One of my T-shirts says, “Food is important.” I got it at the Lincoln Cafe in Mt. Vernon, Iowa, where they served great food.
That’s no political slogan, and it is more than a local advertising gimmick. Everyone mentions the T-shirt when I wear it because it tells a simple truth.
Food is important to everyone. Every faith transforms food into a sacrament. The barrage of food commercials on TV is relentless. As many as 50 million Americans don’t know where their next meal is coming from.
Because food is important, it is politically important. I didn’t know much about the national politics of food in America before I came to Illinois. But there are lots of struggles over food where I lived in New England, foods that people around here rarely think about, like lobster. Those dangerous but tasty creatures lie at the center of wide-ranging political discussions: how many lobster traps should one boat be able to put out? what should be done about the migration of lobsters northward because of the warming of the oceans?
The politics of food in the Midwest involves much more money and political clout. The scale of agriculture in Illinois is staggering. Hardly any place in the world is like Illinois, which ranks first in the nation in total processed food sales, in the volume of ethanol produced, and in soybean production.
For his insider’s experience and skeptical writing about how all the big food players make food into a political commodity, I thank Alan Guebert, whose syndicated column “The Farm and Food File” has appeared across the country since 1993.
Food is political because the 10 largest food companies in the United States control more than half of all food sales domestically. Food is political because the interests of industrial agriculture of the Midwest and South are not the same as the smaller, more diversified farming of the Northeast or ranching in the West. Decisions must be made about how to balance the interests of chemical farming vs. organic farming, or farming for animal feed and ethanol vs. fruits and vegetables.
Hired farm workers connect issues of immigration, poverty and food production. The 1 million hired farm workers are among the most economically disadvantaged groups in the United States. One half of hired crop farm workers are not legally authorized to work in the US. Two-thirds were born in Mexico. They’re here because agribusiness hires them. Deport them and we’ll all go hungry.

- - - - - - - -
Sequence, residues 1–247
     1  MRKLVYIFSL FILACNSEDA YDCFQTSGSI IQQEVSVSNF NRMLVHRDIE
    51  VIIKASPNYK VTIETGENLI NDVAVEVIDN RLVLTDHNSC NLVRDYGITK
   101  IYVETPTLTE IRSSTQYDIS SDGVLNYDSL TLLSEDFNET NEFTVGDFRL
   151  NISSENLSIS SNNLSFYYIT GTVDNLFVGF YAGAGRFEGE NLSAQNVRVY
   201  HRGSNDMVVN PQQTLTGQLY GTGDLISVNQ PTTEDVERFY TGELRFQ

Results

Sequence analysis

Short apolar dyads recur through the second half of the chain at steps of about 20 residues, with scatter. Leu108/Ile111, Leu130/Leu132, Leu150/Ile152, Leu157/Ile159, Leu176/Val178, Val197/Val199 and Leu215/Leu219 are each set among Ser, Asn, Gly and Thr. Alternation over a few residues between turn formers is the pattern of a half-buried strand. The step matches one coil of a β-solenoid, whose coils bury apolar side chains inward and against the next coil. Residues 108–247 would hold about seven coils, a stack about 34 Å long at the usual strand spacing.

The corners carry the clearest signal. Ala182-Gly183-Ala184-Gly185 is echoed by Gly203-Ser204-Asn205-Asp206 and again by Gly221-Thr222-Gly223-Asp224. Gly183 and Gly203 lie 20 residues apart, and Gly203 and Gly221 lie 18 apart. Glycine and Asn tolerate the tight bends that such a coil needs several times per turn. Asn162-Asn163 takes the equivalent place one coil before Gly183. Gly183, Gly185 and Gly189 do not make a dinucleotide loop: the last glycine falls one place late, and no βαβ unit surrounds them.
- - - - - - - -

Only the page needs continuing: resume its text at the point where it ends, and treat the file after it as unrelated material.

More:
We should thank ourselves for the role that our government has played to protect our food from the poisons, pesticides, additives, insects, dirt and rot that many food businesses used to put in our food. We should thank ourselves for the democratic work behind the federal government’s role in insuring that our food is properly labeled. The 1950 Oleomargarine Act is an example of why that’s important. It required margarine makers to stop pretending they were selling butter. We should thank our system of government for limiting pesticide residues, banning dangerous dietary supplements, and stepping in often when food products make people sick. Free unregulated enterprise has often been bad for our food and our health.
But government’s heavy hand on our dinner plate is not always healthy. We all know what we should eat: fruits and vegetables should be about half of our diet. But fruit and vegetable farming receives less than 1% of the billions in agricultural subsidies that the federal government gives out. Corn and other grains get 61%.
Republican food policy in the current Congress has been mainly directed at preventing the labeling of food with GMOs, genetically modified organisms. In the House, Republicans passed a bill which would prevent states from adopting explicit labeling laws. So much for states’ rights. Democrats in the Senate blocked the bill from passing.
Food politics are world-wide and require expertise and understanding, not just deal-making. How will Brexit affect our food industry?
Lots of Donald Trump supporters live in agricultural America. But the only things Trump has said about food was when he used his political campaign to advertise foods with his name on them – Trump wine, Trump steaks (which weren’t real because they didn’t sell), Trump water. The closest Trump gets to the countryside is at one of his golf courses. People have gotten their pants dirty for Trump since he was a boy. Is this the person to lead American food policy?
The Gulf of Maine is warming up faster than any other part of the world’s oceans. Saying global warming is a hoax tells Maine lobster fishers that the government doesn’t care about them, or Maine’s economy, or those who eat lobster. Let them eat steak.
Published in the Jacksonville Journal-Courier, July5, 2016